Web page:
110 Years and Still Counting
July 22, 2012 11:59 PM
by James G. Keane, President and CEO
This year, Boys & Girls Clubs of Chicago marks our 110th anniversary. We are proud to be the longest running organization exclusively and directly serving Chicago’s young people. Though the types of programs and activities we offer have evolved to suit our changing community, the heart of our mission has remained a cornerstone for more than a century:
"To enable all young people,
especially those who need us most,
to reach their full potential
as productive, responsible and caring citizens."
The first Chicago Boys Club was founded in 1902 by John F. Atkinson at 262 S. State Street to serve homeless newsboys or boys living in abject poverty. In addition to giving the boys a safe and clean place to live, sleep and eat, the Club provided the boys with character-building activities including trades such as carpentry, printing and cobbling as well as games, sports and tutoring. More than 1,700 boys flocked to the Boys Club. John Atkinson was quoted, "It is not only the labor problem, but also the leisure problem to which we must find a solution. We must either build Boys Club rooms in which to instruct them or we must build jails in which to incarcerate them. Which will it be?"
Ahead of its time, the Chicago Boys Club then opened a Chicago Girls Club at 404 S. South Street in 1904. In 1912, members could join for 25 cents per year or 5 cents per month and it cost $12 to serve each member per year. The need to serve young people-in-need even back then was great so Atkinson and his fellow founders founded new Clubs across the city, including the current Little Village Club at 2801 N. Ridgeway in 1919, the current Louis L. Valentine Club at 3400 Emerald Street in 1932, and the current Robert R. McCormick Club, which was located at 4715 N. Broadway in 1946
Though many of our historic Club locations still exist and are teeming with children and teens, Boys & Girls Clubs of Chicago has evolved to fit the needs of Chicago’s changing communities. This includes partnering with schools, churches and community groups to share space and bring our life-changing programs to where young people are most vulnerable during the out-of-school hours:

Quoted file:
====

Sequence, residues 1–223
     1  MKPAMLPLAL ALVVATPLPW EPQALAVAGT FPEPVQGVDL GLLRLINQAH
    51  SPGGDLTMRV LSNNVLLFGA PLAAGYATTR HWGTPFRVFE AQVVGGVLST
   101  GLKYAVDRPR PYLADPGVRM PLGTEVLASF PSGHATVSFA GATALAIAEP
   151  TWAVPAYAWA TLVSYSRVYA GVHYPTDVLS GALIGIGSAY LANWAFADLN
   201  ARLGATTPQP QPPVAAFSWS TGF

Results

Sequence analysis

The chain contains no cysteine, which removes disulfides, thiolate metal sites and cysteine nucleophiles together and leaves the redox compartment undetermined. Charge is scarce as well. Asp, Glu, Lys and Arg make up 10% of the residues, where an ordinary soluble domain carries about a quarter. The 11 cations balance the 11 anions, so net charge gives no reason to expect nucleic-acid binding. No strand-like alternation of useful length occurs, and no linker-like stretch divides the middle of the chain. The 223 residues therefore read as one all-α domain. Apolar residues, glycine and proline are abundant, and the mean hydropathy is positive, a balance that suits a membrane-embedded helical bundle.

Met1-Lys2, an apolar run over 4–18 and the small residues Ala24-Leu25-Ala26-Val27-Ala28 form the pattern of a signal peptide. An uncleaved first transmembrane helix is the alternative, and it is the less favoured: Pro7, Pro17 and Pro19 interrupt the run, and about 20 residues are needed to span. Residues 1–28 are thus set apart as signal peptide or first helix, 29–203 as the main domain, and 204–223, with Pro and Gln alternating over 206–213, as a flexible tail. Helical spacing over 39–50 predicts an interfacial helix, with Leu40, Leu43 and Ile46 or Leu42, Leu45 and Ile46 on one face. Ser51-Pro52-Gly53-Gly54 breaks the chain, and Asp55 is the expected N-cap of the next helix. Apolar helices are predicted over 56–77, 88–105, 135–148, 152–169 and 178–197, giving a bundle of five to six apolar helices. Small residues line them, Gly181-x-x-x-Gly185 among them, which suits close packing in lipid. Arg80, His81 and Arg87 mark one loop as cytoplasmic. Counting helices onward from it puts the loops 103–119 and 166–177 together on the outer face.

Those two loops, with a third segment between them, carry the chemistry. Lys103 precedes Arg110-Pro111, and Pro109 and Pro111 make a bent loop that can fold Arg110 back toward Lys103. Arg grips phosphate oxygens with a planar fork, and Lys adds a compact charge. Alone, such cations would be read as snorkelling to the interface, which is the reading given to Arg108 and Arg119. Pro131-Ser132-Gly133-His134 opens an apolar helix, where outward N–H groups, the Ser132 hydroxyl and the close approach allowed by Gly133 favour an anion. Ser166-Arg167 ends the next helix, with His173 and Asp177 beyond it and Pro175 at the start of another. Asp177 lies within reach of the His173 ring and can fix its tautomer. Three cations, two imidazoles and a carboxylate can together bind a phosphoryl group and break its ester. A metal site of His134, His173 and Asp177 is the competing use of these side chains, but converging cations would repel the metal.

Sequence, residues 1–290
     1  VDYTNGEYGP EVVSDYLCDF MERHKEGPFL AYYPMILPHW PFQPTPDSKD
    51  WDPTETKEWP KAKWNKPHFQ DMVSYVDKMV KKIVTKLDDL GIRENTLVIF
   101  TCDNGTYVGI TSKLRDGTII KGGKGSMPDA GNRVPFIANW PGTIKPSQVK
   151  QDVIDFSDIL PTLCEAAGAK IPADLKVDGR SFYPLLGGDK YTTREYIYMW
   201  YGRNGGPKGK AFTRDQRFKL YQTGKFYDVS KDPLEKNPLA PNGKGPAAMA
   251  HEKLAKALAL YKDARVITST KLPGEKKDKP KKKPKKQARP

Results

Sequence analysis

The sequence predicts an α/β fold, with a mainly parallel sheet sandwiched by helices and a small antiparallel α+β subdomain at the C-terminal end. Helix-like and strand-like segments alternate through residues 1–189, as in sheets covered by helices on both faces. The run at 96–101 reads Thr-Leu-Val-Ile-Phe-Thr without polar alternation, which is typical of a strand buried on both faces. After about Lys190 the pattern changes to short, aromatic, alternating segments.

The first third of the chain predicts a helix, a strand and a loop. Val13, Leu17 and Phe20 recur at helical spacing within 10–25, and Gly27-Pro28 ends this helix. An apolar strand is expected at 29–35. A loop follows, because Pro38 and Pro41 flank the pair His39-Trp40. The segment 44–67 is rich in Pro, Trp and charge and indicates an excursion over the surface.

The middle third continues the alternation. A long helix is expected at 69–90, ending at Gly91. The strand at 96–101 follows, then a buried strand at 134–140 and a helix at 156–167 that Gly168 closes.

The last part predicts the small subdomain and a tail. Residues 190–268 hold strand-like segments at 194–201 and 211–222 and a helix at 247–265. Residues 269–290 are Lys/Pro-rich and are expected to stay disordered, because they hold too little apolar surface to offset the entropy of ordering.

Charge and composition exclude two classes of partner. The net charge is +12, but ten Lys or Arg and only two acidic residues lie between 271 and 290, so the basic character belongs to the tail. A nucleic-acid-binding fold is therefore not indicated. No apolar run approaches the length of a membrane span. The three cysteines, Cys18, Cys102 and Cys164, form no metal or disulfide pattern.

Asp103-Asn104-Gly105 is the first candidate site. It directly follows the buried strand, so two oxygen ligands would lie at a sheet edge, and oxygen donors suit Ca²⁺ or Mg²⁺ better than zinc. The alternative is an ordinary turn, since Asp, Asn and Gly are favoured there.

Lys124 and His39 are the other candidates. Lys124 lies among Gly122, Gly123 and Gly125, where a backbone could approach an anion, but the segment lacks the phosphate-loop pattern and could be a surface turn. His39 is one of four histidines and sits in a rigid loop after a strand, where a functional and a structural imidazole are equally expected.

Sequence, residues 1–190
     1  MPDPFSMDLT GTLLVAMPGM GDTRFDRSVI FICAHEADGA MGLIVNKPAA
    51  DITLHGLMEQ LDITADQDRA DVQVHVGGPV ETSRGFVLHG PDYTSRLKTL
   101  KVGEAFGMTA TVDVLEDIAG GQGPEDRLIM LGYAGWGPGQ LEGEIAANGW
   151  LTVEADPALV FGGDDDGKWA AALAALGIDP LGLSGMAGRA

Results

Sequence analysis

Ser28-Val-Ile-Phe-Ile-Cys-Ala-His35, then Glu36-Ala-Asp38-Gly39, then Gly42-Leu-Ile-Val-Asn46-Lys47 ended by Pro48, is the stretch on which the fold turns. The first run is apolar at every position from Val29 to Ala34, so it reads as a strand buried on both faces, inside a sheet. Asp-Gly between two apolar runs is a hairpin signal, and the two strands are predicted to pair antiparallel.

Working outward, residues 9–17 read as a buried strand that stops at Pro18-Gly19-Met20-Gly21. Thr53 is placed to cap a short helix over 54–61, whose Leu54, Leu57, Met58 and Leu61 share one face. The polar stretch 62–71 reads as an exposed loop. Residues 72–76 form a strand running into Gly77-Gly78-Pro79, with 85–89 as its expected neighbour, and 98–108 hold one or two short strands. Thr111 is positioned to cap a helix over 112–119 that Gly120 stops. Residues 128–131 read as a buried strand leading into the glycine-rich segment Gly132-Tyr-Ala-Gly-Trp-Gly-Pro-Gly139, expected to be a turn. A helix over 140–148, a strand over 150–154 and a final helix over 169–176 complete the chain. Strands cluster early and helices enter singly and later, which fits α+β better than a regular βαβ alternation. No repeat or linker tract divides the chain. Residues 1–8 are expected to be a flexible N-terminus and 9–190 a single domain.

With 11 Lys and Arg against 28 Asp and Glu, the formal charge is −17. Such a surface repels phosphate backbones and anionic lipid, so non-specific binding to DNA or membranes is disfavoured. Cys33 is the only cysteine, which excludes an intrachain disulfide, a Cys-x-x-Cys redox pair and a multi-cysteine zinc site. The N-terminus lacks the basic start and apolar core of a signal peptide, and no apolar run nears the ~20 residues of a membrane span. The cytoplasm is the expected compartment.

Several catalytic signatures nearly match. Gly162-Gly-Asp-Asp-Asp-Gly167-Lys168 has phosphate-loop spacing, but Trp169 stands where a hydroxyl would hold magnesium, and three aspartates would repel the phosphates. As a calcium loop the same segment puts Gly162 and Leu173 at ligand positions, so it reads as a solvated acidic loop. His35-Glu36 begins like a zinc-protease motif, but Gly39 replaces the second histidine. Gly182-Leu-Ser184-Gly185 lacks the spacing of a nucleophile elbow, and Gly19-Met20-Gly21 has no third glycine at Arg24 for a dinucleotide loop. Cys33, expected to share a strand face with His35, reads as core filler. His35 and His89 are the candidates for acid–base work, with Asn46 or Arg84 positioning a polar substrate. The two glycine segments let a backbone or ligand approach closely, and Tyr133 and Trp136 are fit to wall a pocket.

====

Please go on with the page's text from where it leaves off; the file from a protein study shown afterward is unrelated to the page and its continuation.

The focus of our program has gone from the basic sheltering and feeding young people to offering programs and activities that develop their character, cultivate self-confidence and expand their opportunities, including but not limited to:
- Updated technology labs where young people can learn basic software, write and create a movie or make digital music
- Nutritious gardens where young people are growing healthy fruits and vegetables and then learning to cook healthy meals
- Peer groups such as SMART Girls or Passport to Manhood where young people discuss how to overcome the challenges and pressures that they face in healthy and responsible manners
- College prep classes and tours to help them navigate the opportunities for higher education
- Updated fitness centers where young people can work off some stress while staying fit
- Vibrant arts programs including fine arts, theatrical arts, music and dance where they can express themselves creatively
We are proud of the positive difference Boys & Girls Clubs have made in the lives of hundreds of thousands of youth throughout the years, yet there is still more work to be done. John Atkinson relied upon the compassion, leadership and support of others to make a difference in the lives of Chicago’s young people. Thanks to your continued interest and support, we look forward to another century of giving young people great futures.